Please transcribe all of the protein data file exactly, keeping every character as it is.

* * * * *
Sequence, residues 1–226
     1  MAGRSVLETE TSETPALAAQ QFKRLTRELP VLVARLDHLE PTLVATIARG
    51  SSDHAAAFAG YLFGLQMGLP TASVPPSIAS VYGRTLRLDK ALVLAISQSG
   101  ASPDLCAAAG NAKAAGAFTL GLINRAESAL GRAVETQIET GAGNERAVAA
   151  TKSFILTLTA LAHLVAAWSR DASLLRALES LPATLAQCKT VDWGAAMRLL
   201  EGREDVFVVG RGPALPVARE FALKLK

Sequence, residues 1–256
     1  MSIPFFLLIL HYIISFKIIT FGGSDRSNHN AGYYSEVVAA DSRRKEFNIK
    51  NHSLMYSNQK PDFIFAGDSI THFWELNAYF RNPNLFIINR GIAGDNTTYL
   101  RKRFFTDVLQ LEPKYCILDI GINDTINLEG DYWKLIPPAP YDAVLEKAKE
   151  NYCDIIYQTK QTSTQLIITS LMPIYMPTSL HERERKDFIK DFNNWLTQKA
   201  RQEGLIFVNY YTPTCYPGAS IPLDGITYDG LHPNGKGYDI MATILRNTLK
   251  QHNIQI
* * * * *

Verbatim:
Sequence, residues 1–226
     1  MAGRSVLETE TSETPALAAQ QFKRLTRELP VLVARLDHLE PTLVATIARG
    51  SSDHAAAFAG YLFGLQMGLP TASVPPSIAS VYGRTLRLDK ALVLAISQSG
   101  ASPDLCAAAG NAKAAGAFTL GLINRAESAL GRAVETQIET GAGNERAVAA
   151  TKSFILTLTA LAHLVAAWSR DASLLRALES LPATLAQCKT VDWGAAMRLL
   201  EGREDVFVVG RGPALPVARE FALKLK

Sequence, residues 1–256
     1  MSIPFFLLIL HYIISFKIIT FGGSDRSNHN AGYYSEVVAA DSRRKEFNIK
    51  NHSLMYSNQK PDFIFAGDSI THFWELNAYF RNPNLFIINR GIAGDNTTYL
   101  RKRFFTDVLQ LEPKYCILDI GINDTINLEG DYWKLIPPAP YDAVLEKAKE
   151  NYCDIIYQTK QTSTQLIITS LMPIYMPTSL HERERKDFIK DFNNWLTQKA
   201  RQEGLIFVNY YTPTCYPGAS IPLDGITYDG LHPNGKGYDI MATILRNTLK
   251  QHNIQI